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Verizon targets IoT competitors

Verizon Communications says it is “taking direct aim” at competitors that want to connect machines to the internet. The carrier is not talking about its traditional competitors like AT&T, T-Mobile US and Sprint. Instead Verizon is targeting the companies and organizations building “internet of things” networks based on low-power wireless technologies that can cover large areas using inexpensive connectivity modules.

Category M1 is the technology Verizon says will make its LTE network roughly as affordable as Wi-Fi, Bluetooth, Zigbee and Z-Wave for IoT connections. Cat M1 modules use a maximum of 1.4 megahertz of bandwidth and both uplink and downlink speeds are capped at 1 megabit per second. With modules expected to be priced below $10, Cat M is expected to improve the economics of IoT for use cases like smart energy meters, industrial IoT sensors, asset trackers, smart city controllers and consumer wearables.

“Up until now, the cost to connect devices to a wide-area network has been a barrier to widespread IoT,” said Rosemary McNally, Verizon’s VP for mobile devices and operating system technology. “By evolving our device ecosystem to include Cat M1, we’re aligning Verizon’s 4G LTE network to the needs of future IoT deployments. We are also taking direct aim at emerging low-power wireless access solutions, which have entered the U.S. market, but do not offer the same level of scale, coverage and security as LTE.”

Verizon expects to be connecting Cat M1 devices to its network by the end of this year. Time is critical as competitors are already at work building dedicated IoT networks. One of the leaders is Sigfox, a French company that is building a U.S. network using unlicensed spectrum bands set aside for industrial, scientific and medical uses. Sigfox has said its network will reach 100 U.S. cities this year.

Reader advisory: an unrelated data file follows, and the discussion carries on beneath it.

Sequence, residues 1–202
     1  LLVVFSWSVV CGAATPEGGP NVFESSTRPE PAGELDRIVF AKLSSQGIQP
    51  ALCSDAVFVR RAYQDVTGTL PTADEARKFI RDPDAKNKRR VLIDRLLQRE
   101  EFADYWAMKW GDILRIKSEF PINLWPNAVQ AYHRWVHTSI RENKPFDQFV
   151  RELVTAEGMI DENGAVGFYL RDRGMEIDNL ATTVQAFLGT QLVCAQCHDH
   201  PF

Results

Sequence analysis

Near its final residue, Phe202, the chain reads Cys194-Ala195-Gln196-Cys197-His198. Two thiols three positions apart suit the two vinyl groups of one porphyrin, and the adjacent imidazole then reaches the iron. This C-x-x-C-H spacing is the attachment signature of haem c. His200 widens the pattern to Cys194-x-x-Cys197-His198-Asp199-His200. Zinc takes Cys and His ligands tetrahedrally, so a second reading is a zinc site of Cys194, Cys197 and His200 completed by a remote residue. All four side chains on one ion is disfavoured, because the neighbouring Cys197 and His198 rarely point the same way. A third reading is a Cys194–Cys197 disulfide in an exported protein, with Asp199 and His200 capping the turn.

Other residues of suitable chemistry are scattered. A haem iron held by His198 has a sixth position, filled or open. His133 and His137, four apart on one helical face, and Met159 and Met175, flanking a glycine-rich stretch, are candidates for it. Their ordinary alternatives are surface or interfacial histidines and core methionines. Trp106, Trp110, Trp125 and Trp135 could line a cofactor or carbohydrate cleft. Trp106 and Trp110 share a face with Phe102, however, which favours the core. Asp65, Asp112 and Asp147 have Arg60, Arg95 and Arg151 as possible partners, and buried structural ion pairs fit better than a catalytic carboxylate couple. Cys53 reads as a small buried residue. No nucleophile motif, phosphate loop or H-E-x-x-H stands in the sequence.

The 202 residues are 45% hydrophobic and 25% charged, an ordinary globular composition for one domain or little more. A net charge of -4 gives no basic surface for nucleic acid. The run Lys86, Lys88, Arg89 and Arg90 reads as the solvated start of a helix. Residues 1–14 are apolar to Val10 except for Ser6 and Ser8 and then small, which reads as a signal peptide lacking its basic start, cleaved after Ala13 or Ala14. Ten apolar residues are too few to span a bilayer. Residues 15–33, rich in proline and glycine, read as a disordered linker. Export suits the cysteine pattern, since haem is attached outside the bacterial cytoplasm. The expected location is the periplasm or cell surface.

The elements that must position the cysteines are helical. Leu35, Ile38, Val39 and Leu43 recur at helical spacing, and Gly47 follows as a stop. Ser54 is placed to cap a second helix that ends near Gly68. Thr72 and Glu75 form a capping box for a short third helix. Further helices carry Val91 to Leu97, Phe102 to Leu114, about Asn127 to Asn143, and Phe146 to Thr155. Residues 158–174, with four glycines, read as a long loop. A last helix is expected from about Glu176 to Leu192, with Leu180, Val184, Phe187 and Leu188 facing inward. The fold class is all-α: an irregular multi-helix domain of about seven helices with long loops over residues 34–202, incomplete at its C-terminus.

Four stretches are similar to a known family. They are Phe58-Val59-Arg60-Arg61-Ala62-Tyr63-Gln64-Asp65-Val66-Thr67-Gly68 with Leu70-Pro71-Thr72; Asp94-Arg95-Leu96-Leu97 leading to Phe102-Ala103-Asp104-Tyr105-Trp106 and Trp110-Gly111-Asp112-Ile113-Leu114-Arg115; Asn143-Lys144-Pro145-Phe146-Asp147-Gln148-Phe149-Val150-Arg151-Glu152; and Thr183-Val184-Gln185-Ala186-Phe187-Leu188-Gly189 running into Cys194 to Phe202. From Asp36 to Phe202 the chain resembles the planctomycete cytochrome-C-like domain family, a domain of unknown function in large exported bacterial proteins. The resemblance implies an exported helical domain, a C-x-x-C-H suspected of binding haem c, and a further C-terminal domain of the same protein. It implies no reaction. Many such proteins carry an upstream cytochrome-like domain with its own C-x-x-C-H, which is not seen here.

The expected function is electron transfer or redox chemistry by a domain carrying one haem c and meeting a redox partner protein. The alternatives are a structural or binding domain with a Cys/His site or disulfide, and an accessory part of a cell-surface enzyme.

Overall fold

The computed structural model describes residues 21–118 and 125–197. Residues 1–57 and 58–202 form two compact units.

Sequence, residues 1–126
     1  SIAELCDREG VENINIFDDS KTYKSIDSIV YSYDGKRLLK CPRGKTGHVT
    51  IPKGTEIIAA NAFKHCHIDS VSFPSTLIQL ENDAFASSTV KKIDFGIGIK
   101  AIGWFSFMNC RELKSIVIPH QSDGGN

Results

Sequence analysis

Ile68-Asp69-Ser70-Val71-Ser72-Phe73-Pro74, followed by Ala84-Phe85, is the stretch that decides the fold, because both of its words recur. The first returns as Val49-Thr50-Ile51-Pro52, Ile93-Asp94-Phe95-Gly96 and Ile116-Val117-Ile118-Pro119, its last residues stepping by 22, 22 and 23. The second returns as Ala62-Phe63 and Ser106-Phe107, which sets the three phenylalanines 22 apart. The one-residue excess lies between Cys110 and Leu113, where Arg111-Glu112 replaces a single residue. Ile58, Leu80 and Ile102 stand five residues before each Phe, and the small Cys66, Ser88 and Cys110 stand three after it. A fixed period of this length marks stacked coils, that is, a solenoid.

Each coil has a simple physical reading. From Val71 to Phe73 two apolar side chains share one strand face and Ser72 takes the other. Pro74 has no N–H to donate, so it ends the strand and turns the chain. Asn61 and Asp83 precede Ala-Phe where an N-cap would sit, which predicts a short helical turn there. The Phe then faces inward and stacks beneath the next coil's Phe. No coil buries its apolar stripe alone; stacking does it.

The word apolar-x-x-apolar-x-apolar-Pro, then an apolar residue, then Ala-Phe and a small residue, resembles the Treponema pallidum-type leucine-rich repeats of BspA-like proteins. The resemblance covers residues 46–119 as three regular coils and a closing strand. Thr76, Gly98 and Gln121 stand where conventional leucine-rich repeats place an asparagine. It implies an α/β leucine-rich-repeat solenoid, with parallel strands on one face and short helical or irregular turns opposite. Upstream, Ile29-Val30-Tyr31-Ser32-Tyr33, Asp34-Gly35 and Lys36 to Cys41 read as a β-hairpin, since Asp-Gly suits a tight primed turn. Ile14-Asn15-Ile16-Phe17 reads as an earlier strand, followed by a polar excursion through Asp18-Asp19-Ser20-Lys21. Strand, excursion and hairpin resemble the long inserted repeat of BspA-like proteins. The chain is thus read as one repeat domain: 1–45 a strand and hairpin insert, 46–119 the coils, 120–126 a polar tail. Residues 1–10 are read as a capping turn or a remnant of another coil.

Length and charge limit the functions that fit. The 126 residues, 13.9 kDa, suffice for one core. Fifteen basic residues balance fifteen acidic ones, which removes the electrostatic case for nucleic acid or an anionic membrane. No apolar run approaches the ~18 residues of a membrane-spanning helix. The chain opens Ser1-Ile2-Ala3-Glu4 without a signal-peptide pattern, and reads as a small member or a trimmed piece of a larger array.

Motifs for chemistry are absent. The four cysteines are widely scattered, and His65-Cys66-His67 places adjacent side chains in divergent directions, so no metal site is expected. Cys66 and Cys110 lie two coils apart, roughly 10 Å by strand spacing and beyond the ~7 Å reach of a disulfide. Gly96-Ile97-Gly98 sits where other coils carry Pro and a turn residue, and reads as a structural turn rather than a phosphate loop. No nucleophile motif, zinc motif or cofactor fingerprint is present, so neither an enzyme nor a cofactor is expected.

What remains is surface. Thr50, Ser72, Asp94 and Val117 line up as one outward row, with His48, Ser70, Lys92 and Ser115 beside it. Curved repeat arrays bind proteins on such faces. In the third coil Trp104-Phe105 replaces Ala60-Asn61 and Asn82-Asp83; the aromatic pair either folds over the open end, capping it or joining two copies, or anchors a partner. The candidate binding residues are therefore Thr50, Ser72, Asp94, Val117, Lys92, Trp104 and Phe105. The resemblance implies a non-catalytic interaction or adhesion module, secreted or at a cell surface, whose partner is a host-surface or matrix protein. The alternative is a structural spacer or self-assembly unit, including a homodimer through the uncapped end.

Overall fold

Verizon’s Cat M1 partners include chipmakers Sequans and Altair (now owned by Sony); module makers Gemalto, U-Blox, Telit and Sierra Wireless; and radio vendors Nokia and Ericsson. In addition to working with Verizon, these vendors must work with one another to integrate software and systems in order to prepare a module for the Verizon network. For example, Nokia and Ericsson need to certify Cat M1 chipsets for their LTE radio equipment before devices using those chips can go live on the Verizon network.

Use cases for Cat M devices include both industrial and consumer applications, according to Sequans CEO Georges Karam, who added industrial use cases include asset tracking, metering, alarms and connected mobile machines like payment terminals in taxi cabs. On the consumer side, Karam sees Cat M being used to connect wearable devices such as smart watches.

“For fitness or high-end watches like the Apple Watch, the Cat M will be an ideal solution for them because you can resolve the power consumption problem,” Karam said. “You don’t need 100 megabits per second, a few hundred kilobits per second is more than enough. … Then your watch maybe can sustain, depending on the use case, one month or two months or three months or a few weeks at least and you don’t need to charge your watch.”

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ABOUT AUTHOR

Martha DeGrasse
Martha DeGrassehttp://www.nbreports.com
Martha DeGrasse is the publisher of Network Builder Reports (nbreports.com). At RCR, Martha authored more than 20 in-depth feature reports and more than 2,400 news articles. She also created the Mobile Minute and the 5 Things to Know Today series. Prior to joining RCR Wireless News, Martha produced business and technology news for CNN and Dow Jones in New York and managed the online editorial group at Hoover’s Online before taking a number of years off to be at home when her children were young. Martha is the board president of Austin's Trinity Center and is a member of the Women's Wireless Leadership Forum.

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